WEDNESDAY 27TH JULY, 6PM at DIAL HOUSE, HAMILTON PLACE, CHESTER. Union reps, carers and supporters of people with disabilities also welcome. Try to get your union to send a rep of you can. Also parents of children with disabilities. There will be at least one child at the meeting, it is early evening so if you don’t have a babysitter, bring your child along with some toys or something to do. No creche though but between us we’ll manage!: Too many disabled people are living in fear of coalition government cuts which threaten our independence, our care and our benefits. Government proposals will mean: …* the abolition of non-means tested benefits like Incapacity Benefit from April 2012 * the abolition of Disability Living Allowance from 2013 * strict policing of all benefit claims by privatised medical services (ATOS) who view all disabled people as potential criminals * cuts to support services from local authorities * cuts to housing provision * privatisation of the NHS. And all this is accompanied by a wave of attacks in the media. Government ministers try to smear disabled people claiming their rights as welfare cheats or drug addicts. It is time for disabled people themselves to make their voices heard in opposition to the cuts. There will be a meeting in Chester to start a campaign of protest here: WEDNESDAY 27TH JULY, 6PM at DIAL HOUSE, HAMILTON PLACE, CHESTER ALL DISABLED PEOPLE IN AND AROUND CHESTER ARE WELCOME TO COME AND HELP. ALSO CARERS. PERSONAL ASSISTANTS, PARENTS AND SUPPORTER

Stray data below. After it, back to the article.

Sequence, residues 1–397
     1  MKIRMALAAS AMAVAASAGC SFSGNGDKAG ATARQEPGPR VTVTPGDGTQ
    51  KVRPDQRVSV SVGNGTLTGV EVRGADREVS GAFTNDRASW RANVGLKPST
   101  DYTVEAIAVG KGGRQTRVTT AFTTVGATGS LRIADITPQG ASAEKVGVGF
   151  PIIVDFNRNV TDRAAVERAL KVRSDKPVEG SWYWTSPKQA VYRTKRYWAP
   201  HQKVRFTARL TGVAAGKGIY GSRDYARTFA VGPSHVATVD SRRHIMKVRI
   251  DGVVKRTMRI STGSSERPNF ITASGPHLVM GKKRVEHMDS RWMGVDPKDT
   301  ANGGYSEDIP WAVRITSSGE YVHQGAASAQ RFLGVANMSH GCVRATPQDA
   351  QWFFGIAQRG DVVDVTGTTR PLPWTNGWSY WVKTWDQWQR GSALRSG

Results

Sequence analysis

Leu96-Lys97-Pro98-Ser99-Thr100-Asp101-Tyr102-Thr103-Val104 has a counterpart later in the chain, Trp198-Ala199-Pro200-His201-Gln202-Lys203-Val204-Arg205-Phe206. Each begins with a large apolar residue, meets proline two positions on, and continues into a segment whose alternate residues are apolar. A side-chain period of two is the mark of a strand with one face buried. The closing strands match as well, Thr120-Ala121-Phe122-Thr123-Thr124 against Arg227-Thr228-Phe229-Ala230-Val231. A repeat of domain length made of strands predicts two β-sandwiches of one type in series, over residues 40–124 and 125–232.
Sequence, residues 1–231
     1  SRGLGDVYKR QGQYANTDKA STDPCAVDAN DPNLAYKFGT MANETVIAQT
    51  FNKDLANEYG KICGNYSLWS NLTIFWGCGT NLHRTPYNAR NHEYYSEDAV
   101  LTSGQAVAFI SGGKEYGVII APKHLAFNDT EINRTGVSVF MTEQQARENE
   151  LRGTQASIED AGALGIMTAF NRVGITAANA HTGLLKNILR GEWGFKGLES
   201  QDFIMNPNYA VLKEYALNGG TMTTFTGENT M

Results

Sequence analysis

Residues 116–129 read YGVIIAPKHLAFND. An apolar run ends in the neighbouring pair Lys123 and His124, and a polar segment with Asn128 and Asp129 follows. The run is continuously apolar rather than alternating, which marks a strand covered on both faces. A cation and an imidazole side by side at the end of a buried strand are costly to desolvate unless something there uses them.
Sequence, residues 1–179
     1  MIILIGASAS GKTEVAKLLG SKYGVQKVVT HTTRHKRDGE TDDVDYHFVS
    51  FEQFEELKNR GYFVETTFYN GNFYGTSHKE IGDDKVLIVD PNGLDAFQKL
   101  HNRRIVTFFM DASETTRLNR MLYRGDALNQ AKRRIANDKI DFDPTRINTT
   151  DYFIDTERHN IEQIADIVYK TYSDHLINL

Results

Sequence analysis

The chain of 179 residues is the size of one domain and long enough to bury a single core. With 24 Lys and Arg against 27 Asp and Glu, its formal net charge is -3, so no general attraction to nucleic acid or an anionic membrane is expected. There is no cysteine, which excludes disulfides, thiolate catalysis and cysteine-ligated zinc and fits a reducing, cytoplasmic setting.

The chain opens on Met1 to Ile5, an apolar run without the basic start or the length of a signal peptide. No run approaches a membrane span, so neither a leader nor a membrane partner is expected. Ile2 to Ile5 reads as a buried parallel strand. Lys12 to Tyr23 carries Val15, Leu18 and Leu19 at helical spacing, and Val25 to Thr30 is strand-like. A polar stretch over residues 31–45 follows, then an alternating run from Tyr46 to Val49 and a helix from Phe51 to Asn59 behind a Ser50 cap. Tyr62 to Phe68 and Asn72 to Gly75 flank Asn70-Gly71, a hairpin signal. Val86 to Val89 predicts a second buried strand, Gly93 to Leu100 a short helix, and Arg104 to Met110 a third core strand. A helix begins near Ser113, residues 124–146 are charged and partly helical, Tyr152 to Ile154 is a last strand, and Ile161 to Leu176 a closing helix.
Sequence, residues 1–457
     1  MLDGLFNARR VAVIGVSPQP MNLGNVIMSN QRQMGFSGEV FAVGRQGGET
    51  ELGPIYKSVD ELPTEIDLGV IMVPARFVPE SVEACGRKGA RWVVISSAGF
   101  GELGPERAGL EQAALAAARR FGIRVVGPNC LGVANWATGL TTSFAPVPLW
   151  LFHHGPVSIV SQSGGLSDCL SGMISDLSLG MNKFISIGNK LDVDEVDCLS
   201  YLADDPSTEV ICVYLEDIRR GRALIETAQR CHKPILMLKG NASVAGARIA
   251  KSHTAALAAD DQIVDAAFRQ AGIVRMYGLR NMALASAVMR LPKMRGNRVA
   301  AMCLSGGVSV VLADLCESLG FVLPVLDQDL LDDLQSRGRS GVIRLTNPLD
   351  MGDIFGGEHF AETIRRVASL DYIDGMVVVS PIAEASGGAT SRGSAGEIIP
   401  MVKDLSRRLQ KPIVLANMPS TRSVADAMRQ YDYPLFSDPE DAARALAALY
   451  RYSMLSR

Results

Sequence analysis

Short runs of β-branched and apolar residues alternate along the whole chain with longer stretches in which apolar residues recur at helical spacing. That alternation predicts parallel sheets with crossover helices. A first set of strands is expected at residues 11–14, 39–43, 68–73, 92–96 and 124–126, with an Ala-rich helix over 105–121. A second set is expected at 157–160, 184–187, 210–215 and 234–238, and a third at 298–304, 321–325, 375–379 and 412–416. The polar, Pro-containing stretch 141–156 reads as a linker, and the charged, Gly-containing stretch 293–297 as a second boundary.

Shorefields Secondary Anti-academy Protest hits Chester.

Arriving at the University of Chester around 11.30 a.m this morning, the passengers on the  double decker bus from Shorefields Secondary School filed out and assembled. Yet another protest against the drive to make their school an academy.  I listened to many different voices – most of them said the same thing: “There was no consultation” and “Not one person wanted this”. What we are seeing now in our society, one protestor said – is ‘institutionalised corruption’. Children, parents, trade unionists,  teachers and classroom assistants showed a united front and had brought with them a petition which they handed over the to the Vice Chancellor of the University of Chester via the reception desk of the University.